In RISC-V’s case, that core ISA contains about four dozen instructions. There are also optional but “approved” extensions to that foundation, such as a compressed ISA and various atomic instructions. A set of Java-acceleration extensions is also in the works. In other words, if you’re going to add any of those features to your RISC-V design, you’d better do them exactly as defined. No point in veering off into your own implementation of a compressed instruction set, because the software tools won’t support them. (Having said that, there’s no absolute prohibition against implementing the approved extensions in your own, incompatible, way. Just that it’s a stupid idea.) You can also add your own wildly creative features to the processor, and there’s a section of the opcode map set aside for just that purpose. Any such custom additions definitely will not be supported by the community tools. You’re on your own.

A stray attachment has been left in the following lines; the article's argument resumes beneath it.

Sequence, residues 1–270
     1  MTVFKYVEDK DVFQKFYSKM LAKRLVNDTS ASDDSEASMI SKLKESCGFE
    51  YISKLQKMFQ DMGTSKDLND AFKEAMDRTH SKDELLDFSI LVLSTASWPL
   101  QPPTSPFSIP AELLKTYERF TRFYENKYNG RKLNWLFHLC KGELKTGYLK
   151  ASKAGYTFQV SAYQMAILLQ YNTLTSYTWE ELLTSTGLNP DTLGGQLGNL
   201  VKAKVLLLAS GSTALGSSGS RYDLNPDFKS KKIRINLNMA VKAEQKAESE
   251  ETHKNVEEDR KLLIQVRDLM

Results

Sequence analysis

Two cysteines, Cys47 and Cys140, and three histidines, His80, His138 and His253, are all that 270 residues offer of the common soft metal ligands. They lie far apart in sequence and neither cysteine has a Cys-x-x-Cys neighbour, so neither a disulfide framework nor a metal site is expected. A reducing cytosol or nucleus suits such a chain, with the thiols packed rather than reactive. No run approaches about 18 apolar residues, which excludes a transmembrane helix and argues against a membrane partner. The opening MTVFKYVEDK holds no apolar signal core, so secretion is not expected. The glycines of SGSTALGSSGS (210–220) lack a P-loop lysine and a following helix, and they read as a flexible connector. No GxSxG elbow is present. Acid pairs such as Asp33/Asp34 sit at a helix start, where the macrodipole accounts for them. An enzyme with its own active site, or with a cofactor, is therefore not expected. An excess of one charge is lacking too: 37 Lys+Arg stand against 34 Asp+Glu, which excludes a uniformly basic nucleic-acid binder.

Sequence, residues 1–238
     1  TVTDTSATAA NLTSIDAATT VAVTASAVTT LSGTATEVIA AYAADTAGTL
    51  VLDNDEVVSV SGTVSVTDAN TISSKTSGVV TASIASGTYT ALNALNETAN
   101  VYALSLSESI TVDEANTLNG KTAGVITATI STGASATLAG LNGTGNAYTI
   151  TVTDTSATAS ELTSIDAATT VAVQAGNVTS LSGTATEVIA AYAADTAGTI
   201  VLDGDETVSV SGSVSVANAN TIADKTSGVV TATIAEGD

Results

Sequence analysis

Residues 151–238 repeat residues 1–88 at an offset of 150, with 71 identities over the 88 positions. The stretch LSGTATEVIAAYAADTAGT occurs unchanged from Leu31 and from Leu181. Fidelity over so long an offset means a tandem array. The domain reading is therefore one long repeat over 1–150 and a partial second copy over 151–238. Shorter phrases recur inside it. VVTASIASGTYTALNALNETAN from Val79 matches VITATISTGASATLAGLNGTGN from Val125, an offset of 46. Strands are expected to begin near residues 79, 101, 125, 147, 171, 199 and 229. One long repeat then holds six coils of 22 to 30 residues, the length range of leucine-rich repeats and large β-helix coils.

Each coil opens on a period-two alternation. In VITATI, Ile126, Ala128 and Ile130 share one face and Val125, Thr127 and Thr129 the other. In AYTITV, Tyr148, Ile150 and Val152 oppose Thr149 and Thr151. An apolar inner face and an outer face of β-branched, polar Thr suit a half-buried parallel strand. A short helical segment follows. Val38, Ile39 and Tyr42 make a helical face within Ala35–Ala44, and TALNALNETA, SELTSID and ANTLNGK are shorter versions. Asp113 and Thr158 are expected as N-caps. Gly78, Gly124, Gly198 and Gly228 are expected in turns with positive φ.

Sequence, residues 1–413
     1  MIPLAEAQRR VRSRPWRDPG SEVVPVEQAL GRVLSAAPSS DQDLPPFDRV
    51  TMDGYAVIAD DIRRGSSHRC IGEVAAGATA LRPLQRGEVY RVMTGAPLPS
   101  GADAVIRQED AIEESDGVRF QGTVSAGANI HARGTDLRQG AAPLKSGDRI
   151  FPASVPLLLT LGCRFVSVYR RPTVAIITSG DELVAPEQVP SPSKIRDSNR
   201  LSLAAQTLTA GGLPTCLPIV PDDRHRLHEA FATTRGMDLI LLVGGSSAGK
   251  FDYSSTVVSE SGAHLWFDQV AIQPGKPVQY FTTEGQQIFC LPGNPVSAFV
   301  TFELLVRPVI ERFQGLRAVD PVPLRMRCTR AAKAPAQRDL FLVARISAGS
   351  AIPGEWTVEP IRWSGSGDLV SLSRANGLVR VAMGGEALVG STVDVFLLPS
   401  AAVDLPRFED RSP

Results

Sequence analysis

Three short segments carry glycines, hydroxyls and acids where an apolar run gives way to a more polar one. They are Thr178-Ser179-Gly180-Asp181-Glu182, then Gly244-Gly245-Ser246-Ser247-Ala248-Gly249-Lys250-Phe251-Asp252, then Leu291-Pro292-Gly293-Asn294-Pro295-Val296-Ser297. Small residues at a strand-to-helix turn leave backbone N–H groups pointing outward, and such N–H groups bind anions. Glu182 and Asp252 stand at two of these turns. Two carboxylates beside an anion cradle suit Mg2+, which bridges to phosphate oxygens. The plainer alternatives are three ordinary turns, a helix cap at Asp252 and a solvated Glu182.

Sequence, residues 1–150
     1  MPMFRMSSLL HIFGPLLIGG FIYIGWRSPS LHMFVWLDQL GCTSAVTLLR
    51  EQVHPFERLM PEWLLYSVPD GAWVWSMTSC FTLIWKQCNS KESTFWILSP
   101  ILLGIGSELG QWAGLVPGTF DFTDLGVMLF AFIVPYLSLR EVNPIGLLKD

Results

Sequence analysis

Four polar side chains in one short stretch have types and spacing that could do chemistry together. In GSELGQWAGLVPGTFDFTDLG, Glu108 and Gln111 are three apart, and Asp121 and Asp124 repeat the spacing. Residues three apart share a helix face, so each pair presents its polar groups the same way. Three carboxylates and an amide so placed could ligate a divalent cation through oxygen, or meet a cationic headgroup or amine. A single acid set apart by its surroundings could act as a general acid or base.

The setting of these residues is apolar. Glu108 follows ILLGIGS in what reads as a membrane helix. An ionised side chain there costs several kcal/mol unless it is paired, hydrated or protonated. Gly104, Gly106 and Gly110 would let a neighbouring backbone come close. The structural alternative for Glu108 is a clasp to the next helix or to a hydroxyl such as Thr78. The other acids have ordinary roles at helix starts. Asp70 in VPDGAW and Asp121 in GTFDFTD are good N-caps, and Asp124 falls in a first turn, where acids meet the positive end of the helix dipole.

At ARC and Tensilica, the idea of custom extensions was met with a mixture of excitement and horror. The engineers were excited by the idea; their managers were horrified. Hardware developers saw customizable processors as a way to finally create that ideal CPU they’d been dreaming of, albeit with a lot of help. Project managers, however, saw nothing but a huge time-sink, as their engineering staff disappeared down the rabbit hole of processor customization, testing, and re-customization. Suddenly ARM, MIPS, and x86 started looking like much safer choices.

Few users of these customizable processors actually did add their own extensions. Most were intrigued by the idea but ultimately decided against it, for a number of reasons. (Those who did add their own extensions often saw enormous improvements in performance, however.) Some were concerned about breaking software compatibility with the rest of the community. Others were put off by the hardware/software work required. Others just didn’t see the point. They wanted a nice, simple “software engine” to run their embedded code and they didn’t much care whether their CPU was compatible with anything else.